18. Luus, C. A. E., & Wells, G. L. (1991). Eyewitness identification and the selection of distracters for lineups. Law and Human Behavior, 15, 43–57.Google Scholar
  19. Malpass, R. S., & Devine, P. G. (1981). Eyewitness identification: Lineup instructions and the absence of the offender. Journal of Applied Psychology, 66, 482–498.Google Scholar
  20. Melara, R., Dewitt-Rickards, T., & O'Brien, T. (1989). Enhancing lineup identification accuracy: Two codes are better than one. Journal of Applied Psychology, 74, 706–713.Google Scholar
  21. Munsterberg, H. (1908). On the witness stand: Essays on Psychology and Crime. New York: McClure.Google Scholar
  22. Murray, D. M., & Wells, G. L. (1982). Does knowledge that a crime was staged affect eyewitness performance? Journal of Applied Social Psychology, 12, 42–53.Google Scholar
  23. Navon, D. (1992). Selection of lineup foils by similarity to suspect is likely to misfire. Law and Human Behavior, 16, 575–593.Google Scholar
  24. O'Rourke, T. E., Penrod, S. D., Cutler, B. L., & Stuve, T. E. (1989). The external validity of eyewitness identification research: Generalizing across subject populations. Law and Human Behavior, 13, 385–396.Google Scholar
  25. Pigott, M., & Brigham, J. C. (1985). Relationship between accuracy of prior description and facial recognition. Journal of Applied Psychology, 70, 547–555.Google Scholar
  26. Read, J. D. (1995). The availability heuristic in person identification: The sometimes misleading consequences of enhanced contextual information. Applied Cognitive Psychology, 9, 91–121.Google Scholar
  27. Read, J. D., Tollestrup, P., Hammersley, R., McFadzen, E., & Christensen, A. (1990). The unconscious transference effect: Are innocent bystanders ever misidentified? Applied Cognitive Psychology, 4, 4–31.Google Scholar
  28. Ricci, C. M., Beal, C. R., & Dekle, D. J. (1996). The effect of parental versus unfamiliar interviewers on children's eyewitness memory and identification accuracy. Law andHumanBehavior, 20(5), 483–500.Google Scholar
  29. Sanders, G. S. (1984). Effects of context cues on eyewitness identification responses. Journal of Applied Social Psychology, 14, 386–397.Google Scholar
  30. Smith, E. E., & Medin, D. L. (1981). Categories and concepts. Cambridge, MA: Harvard University Press.Google Scholar
  31. Steblay, N. M. (1997). Social influence in eyewitness recall: A meta-analytic review of lineup instruction effects. Law and Human Behavior, 21, 283–297.Google Scholar
  32. Tollestrup, P. A., Turtle, J.W., & Yuille, J. C. (1994). Actual victims and witnesses to robbery and fraud: An archival analysis. In D. F. Ross, J. D. Read, & M. P. Toglia (Eds.), Adult eyewitness testimony: Current trends and developments. New York: Cambridge University Press.Google Scholar
  33. Tunnicliff, J. L., & Clark, S. E. (2000). Selecting foils for identification lineups: Matching to suspects or descriptions? Law and Human Behavior, 24, 231–258.Google Scholar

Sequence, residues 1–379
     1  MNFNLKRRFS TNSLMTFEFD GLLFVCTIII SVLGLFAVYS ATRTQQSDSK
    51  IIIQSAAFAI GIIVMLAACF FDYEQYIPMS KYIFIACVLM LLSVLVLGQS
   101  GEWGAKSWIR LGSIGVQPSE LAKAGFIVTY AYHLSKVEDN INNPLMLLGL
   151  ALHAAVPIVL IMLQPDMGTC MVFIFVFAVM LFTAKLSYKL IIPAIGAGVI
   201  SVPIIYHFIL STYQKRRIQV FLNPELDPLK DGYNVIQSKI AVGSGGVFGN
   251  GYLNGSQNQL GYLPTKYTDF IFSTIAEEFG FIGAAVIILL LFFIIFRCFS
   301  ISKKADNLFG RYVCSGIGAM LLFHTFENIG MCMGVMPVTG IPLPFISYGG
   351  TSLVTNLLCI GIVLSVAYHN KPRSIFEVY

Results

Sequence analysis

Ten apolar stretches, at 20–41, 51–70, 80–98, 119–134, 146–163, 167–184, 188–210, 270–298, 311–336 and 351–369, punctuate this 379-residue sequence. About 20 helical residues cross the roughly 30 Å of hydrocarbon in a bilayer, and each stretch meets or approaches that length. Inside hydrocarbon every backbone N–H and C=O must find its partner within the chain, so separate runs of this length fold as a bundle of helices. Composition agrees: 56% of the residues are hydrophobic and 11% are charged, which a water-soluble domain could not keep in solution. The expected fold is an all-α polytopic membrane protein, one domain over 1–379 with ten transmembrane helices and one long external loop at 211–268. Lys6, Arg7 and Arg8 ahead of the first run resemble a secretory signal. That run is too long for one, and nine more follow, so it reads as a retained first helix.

34. Wells, G. L. (1984). The psychology of lineup identification. Journal of Applied Social Psychology, 14, 89–103.Google Scholar
  35. Wells, G.L. (1993).What do we know about eyewitness identification? American Psychologist, 48, 553–571.Google Scholar
  36. Wells, G. L., Ferguson, T. J., & Lindsay, R. C. L. (1981). The tractability of eyewitness confidence and its implications for triers of fact. Journal of Applied Psychology, 66, 688–696.Google Scholar
  37. Wells, G. L., Rydell, S. M., & Seelau, E. P. (1993). The selection of distractors for eyewitness lineups. Journal of Applied Psychology, 78, 835–844.Google Scholar
  38. Wells, G. L., Small, M., Penrod, S., Malpass, R. S., Fulero, S. M., & Brimacombe, C. A. E. (1998). Eyewitness identification procedures: Recommendations for lineups and photospreads. Law and Human Behavior, 22, 603–643.Google Scholar
  39. Wogalter, M. S., Malpass, R. S., & Berger, M. A. (1993). How do police officers construct lineups: A national survey. Proceedings of the Human Factors and Ergonomics Society, 37, 640–644.Google Scholar
  40. Wogalter, M. S., Marwitz, D.B., & Leonard, D.C. (1992). Suggestiveness in photospread line-ups: Similarity induces distinctiveness. Applied Cognitive Psychology, 6, 443–453.Google Scholar
  41. Woodworth, R. S., & Schlosberg, H. (1956). Experimental psychology (Rev. ed.). New York: Holt & Company.Google Scholar
  42. Yarmey, A. D., Yarmey, A. L., & Yarmey, M. J. (1994). Face and voice identifications in showups and lineups. Applied Cognitive Psychology, 8, 453–464.Google Scholar
  43. Yarmey, A. D., Yarmey,M. J., & Yarmey, A. L. (1996). Accuracy of eyewitness identifications in showups and lineups. Law and Human Behavior, 20, 459–477.Google Scholar

Copyright information

© American Psychology-Law Society/Division 41 of the American Psychology Association 2001

Authors and Affiliations

  1. 1.Department of PsychologyUniversity of CaliforniaRiverside

Personalised recommendations